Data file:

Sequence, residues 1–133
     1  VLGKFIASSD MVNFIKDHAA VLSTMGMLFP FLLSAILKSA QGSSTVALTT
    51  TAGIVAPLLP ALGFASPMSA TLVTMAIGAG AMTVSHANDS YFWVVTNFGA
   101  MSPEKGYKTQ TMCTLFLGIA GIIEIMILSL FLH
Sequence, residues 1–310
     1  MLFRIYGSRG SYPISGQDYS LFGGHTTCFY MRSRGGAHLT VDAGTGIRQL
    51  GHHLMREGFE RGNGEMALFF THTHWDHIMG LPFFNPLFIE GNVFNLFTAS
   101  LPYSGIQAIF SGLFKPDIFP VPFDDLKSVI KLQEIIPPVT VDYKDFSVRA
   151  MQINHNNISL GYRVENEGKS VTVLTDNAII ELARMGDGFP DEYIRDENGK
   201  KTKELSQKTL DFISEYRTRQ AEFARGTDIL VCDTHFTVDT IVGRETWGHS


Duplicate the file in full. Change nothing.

Sequence, residues 1–133
     1  VLGKFIASSD MVNFIKDHAA VLSTMGMLFP FLLSAILKSA QGSSTVALTT
    51  TAGIVAPLLP ALGFASPMSA TLVTMAIGAG AMTVSHANDS YFWVVTNFGA
   101  MSPEKGYKTQ TMCTLFLGIA GIIEIMILSL FLH
Sequence, residues 1–310
     1  MLFRIYGSRG SYPISGQDYS LFGGHTTCFY MRSRGGAHLT VDAGTGIRQL
    51  GHHLMREGFE RGNGEMALFF THTHWDHIMG LPFFNPLFIE GNVFNLFTAS
   101  LPYSGIQAIF SGLFKPDIFP VPFDDLKSVI KLQEIIPPVT VDYKDFSVRA
   151  MQINHNNISL GYRVENEGKS VTVLTDNAII ELARMGDGFP DEYIRDENGK
   201  KTKELSQKTL DFISEYRTRQ AEFARGTDIL VCDTHFTVDT IVGRETWGHS